Unfortunately, we didn’t to so well in the south. Waterfowl were notably lacking at Brigantine, and our areas for southern passerines were dead silent (“cardboardy”, as Jacob would say). We did get Red-headed Woodpecker at Tamerlane Campground (sketchy place…most of the trailers’ decor included something involving Budweiser). And Purple Sandpiper was at the Concrete Ship off Cape May Point. And the Black-necked Stilt, rare in New Jersey, was at the Cape May Meadows. And the Cattle Egret. And the Yellow-breasted Chat… Ok fine! It wasn’t tooo bad, just the waterfowl and herons were lacking.

—–Random story time: At Higbee Beach, at Cape May, mosquitoes were everywhere. Daylight was fading, and we weren’t sure where to look for our desired birds. We were mildly exhausted, too. After some arguing, we decided to check a spot where Benjamin had seen a Yellow-breasted Chat last fall. Swatting at mosquitoes, we waited impatiently for anything to call. Ah-HA! White-eyed Vireo – a new bird for the day! Not bad for this random place…as least these mosquito bites were worth the bother. No Yellow-breasted Chat yet, so Brendan started doing a joking imitation. To say the least, this “imitation” was hilarious, and we were all silently roaring with laughter. Suddenly, from the bushes, a real chat responded with a single call note. My jaw dropped, but not everyone had heard it, so Brendan continued imitating. The chat responded again, this time with a call followed by a short trill. We all burst out laughing, and much colorful language was used.—–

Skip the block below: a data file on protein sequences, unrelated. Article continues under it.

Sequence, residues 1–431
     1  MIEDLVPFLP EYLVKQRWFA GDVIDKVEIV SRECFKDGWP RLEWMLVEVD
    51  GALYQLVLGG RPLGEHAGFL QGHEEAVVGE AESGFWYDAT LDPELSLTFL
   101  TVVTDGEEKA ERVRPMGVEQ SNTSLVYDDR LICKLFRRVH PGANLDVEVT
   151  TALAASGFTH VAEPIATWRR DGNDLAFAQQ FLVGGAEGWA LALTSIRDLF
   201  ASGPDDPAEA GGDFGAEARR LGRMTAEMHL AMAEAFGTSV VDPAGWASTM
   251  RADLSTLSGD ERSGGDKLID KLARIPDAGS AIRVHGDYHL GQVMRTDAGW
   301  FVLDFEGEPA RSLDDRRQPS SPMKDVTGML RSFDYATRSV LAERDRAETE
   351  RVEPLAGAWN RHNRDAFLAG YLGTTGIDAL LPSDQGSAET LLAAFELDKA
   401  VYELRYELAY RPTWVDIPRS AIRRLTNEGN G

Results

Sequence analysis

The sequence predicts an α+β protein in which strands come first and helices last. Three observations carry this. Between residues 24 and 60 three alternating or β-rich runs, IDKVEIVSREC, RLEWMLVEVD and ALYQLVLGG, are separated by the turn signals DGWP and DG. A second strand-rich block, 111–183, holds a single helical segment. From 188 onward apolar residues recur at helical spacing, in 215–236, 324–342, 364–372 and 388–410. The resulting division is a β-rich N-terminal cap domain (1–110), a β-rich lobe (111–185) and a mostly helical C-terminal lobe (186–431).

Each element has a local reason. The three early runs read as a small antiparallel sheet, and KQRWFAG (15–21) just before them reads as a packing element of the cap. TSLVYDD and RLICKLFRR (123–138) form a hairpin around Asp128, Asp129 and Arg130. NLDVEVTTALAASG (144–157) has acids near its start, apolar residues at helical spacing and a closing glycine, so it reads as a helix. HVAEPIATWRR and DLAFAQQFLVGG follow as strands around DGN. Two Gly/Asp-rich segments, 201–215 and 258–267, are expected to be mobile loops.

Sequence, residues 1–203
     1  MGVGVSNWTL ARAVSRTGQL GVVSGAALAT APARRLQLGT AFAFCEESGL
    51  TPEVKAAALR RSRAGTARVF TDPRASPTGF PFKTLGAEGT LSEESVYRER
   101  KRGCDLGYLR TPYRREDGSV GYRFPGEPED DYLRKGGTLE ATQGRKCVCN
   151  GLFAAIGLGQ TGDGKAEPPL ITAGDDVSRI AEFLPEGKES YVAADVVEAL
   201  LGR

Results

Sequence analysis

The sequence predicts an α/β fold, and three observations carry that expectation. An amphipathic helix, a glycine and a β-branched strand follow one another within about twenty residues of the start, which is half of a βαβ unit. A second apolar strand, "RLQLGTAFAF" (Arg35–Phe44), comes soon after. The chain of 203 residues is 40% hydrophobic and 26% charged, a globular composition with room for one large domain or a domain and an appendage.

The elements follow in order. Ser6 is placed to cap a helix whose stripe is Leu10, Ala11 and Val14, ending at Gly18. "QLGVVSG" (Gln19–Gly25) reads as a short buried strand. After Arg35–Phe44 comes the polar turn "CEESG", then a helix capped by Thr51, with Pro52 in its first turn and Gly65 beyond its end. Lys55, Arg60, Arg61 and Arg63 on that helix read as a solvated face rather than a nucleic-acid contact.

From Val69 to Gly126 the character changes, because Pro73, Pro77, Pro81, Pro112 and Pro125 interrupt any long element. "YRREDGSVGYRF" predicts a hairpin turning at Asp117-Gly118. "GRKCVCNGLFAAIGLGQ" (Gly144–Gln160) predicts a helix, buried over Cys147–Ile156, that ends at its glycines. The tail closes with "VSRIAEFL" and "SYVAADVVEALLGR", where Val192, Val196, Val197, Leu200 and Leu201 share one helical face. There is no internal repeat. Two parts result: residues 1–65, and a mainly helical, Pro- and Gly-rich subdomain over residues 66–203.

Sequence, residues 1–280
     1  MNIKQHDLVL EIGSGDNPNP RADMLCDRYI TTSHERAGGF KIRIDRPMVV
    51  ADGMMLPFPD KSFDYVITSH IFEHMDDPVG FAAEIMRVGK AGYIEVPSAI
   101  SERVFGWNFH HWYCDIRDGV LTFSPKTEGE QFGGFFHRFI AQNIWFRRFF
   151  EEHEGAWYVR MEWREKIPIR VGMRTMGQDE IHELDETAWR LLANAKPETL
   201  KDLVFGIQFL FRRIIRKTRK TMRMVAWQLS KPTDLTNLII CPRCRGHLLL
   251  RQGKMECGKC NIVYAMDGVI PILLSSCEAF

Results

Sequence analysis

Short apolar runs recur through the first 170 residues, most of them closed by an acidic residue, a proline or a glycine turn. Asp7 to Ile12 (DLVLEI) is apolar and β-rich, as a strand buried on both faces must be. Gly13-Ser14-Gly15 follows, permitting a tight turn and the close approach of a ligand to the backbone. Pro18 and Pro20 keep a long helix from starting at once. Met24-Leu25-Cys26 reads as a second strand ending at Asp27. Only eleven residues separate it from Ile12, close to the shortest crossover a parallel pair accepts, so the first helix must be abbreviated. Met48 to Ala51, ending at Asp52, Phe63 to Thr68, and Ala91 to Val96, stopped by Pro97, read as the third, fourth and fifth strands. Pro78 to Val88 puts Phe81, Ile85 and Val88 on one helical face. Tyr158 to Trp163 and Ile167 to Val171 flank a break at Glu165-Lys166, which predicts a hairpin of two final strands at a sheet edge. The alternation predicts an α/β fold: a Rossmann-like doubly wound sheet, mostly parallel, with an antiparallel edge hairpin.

More thunderstorms and rain kept us in the car for a while (thank heavens for the car, as one lightning bolt hit 30 yards away…), and soon darkness came on. We unsuccessfully visited a few more night-birding locations before heading to the Finish Line.

Our total of 175 species placed us third in the youth division, and 12th overall (out of 7 in the youth division, and 75ish overall). It was a great day! Many thanks to those who supported us; our team raised over $1500 for the NYS Young Birders Club!!! Looking forward to next year…

Good birding, and enjoy the rest of May,
–Hope Batcheller

P.S. If you’re still interested in making a pledge for the NYS Young Birders Club, it’s not too late! Shoot me an email at: hope.batcheller AT gmail DOT com.